Pointers for fall planting

Published 12:00 am Sunday, September 28, 2008

Fall is here and the calls are coming in about planting everything from grass to fruit trees for the winter season and next spring.

Planting in the fall is different for each species and depending on each purpose. In many cases it has benefits but in some it has adverse affects as well. Let me address these questions now and save some of you from making decisions you may regret in a few months.

Q. How can I help keep my yard green all winter long?

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A. There is nothing more attractive than a pretty well manicured lawn in the middle of winter when all your neighbors’ lawns are brown. Starting in the next several weeks summer turf species will begin going dormant as temperatures slowly decline.

For many of us this is a good thing as mowing and maintenance chores begin to decline. However for those of you homeowners that are committed to having that beautiful lawn year round and do not mind the additional financial obligations along with maintenance needs then planting rye grass will certainly allow you to stay a step ahead.

Rye grass will continue to provide a lush green lawn well into next spring. However keep in mind mowing, watering, fertilizing and all current lawn care needs will need to be continued as well.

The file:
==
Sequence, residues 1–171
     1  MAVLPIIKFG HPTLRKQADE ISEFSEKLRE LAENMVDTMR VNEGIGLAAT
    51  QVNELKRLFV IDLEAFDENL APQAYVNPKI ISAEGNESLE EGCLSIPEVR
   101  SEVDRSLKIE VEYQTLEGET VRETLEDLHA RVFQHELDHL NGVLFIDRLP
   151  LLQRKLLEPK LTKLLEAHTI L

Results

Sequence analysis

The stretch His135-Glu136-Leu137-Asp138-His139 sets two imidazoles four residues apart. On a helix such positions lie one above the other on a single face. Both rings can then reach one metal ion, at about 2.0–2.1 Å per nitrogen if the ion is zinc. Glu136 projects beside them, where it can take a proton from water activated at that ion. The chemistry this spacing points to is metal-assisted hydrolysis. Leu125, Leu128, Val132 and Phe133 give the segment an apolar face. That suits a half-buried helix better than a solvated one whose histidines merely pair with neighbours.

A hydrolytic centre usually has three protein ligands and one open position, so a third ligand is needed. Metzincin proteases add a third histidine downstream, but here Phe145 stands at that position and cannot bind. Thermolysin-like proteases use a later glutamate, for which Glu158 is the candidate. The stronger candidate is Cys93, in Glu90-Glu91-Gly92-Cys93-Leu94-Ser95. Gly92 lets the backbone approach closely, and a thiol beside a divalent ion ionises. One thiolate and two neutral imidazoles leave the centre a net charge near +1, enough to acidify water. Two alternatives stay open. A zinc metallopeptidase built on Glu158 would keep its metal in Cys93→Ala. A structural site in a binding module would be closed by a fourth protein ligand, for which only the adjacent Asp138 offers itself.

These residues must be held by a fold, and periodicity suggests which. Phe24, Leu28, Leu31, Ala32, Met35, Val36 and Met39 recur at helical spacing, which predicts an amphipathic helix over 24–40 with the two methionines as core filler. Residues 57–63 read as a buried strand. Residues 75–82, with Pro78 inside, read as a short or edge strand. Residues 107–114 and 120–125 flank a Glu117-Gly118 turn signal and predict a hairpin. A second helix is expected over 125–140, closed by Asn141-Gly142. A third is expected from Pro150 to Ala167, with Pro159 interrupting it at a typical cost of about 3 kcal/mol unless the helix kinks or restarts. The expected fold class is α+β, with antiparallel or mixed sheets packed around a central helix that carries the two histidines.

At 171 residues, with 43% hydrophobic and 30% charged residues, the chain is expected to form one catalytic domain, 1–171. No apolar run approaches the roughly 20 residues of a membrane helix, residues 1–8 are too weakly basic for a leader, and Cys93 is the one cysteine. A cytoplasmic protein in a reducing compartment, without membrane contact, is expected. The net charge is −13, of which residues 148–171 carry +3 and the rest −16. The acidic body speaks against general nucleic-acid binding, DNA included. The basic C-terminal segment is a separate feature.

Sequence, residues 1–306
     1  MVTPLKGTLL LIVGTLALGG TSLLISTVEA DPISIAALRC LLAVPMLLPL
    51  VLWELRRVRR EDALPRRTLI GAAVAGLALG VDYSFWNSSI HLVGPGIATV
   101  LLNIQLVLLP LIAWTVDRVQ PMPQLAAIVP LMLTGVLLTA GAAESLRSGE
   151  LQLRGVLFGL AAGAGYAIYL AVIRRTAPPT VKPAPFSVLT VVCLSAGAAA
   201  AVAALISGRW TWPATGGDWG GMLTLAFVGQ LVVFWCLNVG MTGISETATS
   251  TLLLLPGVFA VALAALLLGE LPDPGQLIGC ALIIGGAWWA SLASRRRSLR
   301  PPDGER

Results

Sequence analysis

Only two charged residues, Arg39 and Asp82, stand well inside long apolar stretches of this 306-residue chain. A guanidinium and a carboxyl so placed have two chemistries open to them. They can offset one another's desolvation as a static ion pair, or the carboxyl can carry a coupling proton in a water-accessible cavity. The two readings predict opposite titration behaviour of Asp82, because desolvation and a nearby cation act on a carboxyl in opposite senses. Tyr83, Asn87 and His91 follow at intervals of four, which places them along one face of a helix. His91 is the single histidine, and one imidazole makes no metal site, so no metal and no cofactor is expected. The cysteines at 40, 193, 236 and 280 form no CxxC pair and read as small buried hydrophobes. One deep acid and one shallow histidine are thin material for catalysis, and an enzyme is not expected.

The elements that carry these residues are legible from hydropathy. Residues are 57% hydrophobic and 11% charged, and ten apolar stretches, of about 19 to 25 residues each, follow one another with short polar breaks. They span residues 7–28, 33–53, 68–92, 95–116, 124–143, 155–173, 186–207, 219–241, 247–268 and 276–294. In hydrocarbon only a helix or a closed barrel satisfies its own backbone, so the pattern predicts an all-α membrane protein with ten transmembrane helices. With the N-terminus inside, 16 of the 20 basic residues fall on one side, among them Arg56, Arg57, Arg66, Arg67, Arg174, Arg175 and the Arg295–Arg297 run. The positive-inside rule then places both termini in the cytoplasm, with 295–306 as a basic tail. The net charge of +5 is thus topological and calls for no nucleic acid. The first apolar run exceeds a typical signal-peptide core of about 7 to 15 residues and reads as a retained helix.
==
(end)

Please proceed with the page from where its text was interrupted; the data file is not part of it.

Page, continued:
Planting rye grass will also delay your warm season grasses from reemerging early in the spring which will make your permanent lawn slower in reaching it’s spring growth spurt.

Therefore, for the average homeowner I would recommend you just be thankful for the lawn you have and enjoy maintaining it during the spring and summer and take the maintenance vacation when you can. If you miss mowing you can always make a few cuttings throughout the winter to help keep your lawn looking neat even in the colder months.

Q. When is the time to plant fruit trees?

A. Fruit trees are best when planted from late October through early December. If you are planning on planting some new trees and have not decided what to plant yet, I would begin visiting your garden center of choice and checking what options you will have available.

Mail order sources are growing in popularity which may allow some of you to get a hold of the rare fruit trees that can often be hard to find.

Many of you are replanting because your old fruit trees are dying after a long life of productivity. I would encourage you to plant your new trees at least 10 feet away from where the old tree was planted to reduce the risk of any soil diseases or insect pressures that may potentially exist.

Remember that fruit trees need full sun and well-drained soil when planting them. Incorporate rich organic matter into the planting hole, and dig a hole that is at least three times larger than the root ball of the new tree. Never plant a tree any deeper than it was originally grown at the nursery.

David Carter is the director of the Adams County Extensions Service. He can be reached at 601-445-8201.